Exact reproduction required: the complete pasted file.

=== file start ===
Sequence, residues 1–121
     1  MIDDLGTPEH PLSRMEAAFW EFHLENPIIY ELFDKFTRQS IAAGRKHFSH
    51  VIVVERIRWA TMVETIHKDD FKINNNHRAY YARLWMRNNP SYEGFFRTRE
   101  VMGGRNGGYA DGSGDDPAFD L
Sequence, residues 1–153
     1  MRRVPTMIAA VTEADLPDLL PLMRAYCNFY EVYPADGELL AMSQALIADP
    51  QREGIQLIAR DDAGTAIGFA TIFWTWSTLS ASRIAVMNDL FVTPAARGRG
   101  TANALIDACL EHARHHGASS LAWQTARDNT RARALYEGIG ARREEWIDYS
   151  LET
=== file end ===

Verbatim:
Sequence, residues 1–121
     1  MIDDLGTPEH PLSRMEAAFW EFHLENPIIY ELFDKFTRQS IAAGRKHFSH
    51  VIVVERIRWA TMVETIHKDD FKINNNHRAY YARLWMRNNP SYEGFFRTRE
   101  VMGGRNGGYA DGSGDDPAFD L
Sequence, residues 1–153
     1  MRRVPTMIAA VTEADLPDLL PLMRAYCNFY EVYPADGELL AMSQALIADP
    51  QREGIQLIAR DDAGTAIGFA TIFWTWSTLS ASRIAVMNDL FVTPAARGRG
   101  TANALIDACL EHARHHGASS LAWQTARDNT RARALYEGIG ARREEWIDYS
   151  LET